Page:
Mars – The MAVEN Mission

MAVEN-Artist-Concept-Mars-Arrival-br2_credit_NASA_GSFC

Image credit: NASA, GSFC

It has been a long time since I’ve written in my blog. I have been so busy. Anyway, I would like to write something about Mars.

On 21st September 2014 the MAVEN spacecraft, that NASA launched, reached Mars and gone into orbit around the planet. The purpose of this mission is to determine why Mars has such a thin atmosphere and the rate at which Mars is losing its atmosphere. From this it can be determined whether the atmosphere was thick enough to sustain life in the past.

We think that billions of years ago Mars had a thick atmosphere and rivers and oceans of liquid water also once flowed. This may have then supported simple microscopic life.

valley_network_credit_NASA_JPL _Caltech

Image credit: NASA, JPL , Caltech

 

If you look at the surface of Mars you will see valleys carved into the surface, exactly like the ones on Earth that was caused by rivers. The example shown on the left is found in the southern hemisphere highlands, and it is estimated to be formed about 3.8 billion years ago.

 

 

 

 

However, now Mars is mostly a desert, with the exception of the polar caps. The picture below shows how Mars looks today on the surface. It was taken from the Curiosity rover from a different NASA mission. Click on the image to see it enlarged.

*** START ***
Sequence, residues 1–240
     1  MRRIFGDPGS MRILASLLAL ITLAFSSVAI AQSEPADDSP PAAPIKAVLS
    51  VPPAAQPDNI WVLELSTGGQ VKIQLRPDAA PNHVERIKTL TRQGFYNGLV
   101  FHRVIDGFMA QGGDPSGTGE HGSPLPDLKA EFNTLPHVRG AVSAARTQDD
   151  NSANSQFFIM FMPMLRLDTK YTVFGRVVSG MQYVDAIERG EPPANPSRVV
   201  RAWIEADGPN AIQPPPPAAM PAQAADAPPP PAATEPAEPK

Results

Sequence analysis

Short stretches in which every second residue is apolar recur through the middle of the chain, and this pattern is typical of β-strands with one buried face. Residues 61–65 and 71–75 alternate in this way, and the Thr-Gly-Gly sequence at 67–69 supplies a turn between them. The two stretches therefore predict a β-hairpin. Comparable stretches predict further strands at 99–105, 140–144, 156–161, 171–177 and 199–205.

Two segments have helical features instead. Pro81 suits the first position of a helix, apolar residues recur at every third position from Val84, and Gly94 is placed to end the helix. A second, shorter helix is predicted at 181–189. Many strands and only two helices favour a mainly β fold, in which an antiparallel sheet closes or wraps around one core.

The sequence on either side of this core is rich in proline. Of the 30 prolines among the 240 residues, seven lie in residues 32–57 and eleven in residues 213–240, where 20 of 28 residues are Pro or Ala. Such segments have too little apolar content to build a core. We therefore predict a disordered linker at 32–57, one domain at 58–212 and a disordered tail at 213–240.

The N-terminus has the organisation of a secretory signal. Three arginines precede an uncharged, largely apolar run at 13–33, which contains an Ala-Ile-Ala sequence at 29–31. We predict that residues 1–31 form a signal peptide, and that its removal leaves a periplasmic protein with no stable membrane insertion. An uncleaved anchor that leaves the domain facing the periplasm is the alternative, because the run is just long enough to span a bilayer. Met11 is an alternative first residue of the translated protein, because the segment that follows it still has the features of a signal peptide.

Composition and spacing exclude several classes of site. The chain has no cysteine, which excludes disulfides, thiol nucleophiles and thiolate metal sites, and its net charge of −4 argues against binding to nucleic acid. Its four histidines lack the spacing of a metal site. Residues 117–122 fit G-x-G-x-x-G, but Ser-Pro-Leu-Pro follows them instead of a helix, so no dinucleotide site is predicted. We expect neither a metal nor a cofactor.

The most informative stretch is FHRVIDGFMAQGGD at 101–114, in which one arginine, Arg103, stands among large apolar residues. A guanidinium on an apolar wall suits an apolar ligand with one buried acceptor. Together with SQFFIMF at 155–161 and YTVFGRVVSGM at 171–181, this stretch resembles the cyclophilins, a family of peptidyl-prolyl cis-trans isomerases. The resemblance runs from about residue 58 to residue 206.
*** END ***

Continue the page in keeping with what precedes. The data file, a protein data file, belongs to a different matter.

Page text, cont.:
PIA17931-FigB_M34-sol528-raw-br2_Image Credit_NASA_JPL-CaltechNASA_JPL_Caltech_MSSS

Image credit: NASA, JPL-CaltechNASA, JPL, Caltech, MSSS

The picture below shows how Mars looks now. Put the mouse curser over the picture to see how the same area looked when it had oceans.

Artistic impression of Mars with oceans.
Image credit to NASA’s Goddard Space Flight Center

Now the MAVEN spacecraft has completed 1 complete orbit of the planet. It has found that 100 grams of the Marsian atmosphere is lost every second. This does not sound very much but over time it mounts up. The Martian atmosphere is now very thin. To read more about the MAVEN mission, vist the NASA’s website at:

http://mars.nasa.gov/

 

 

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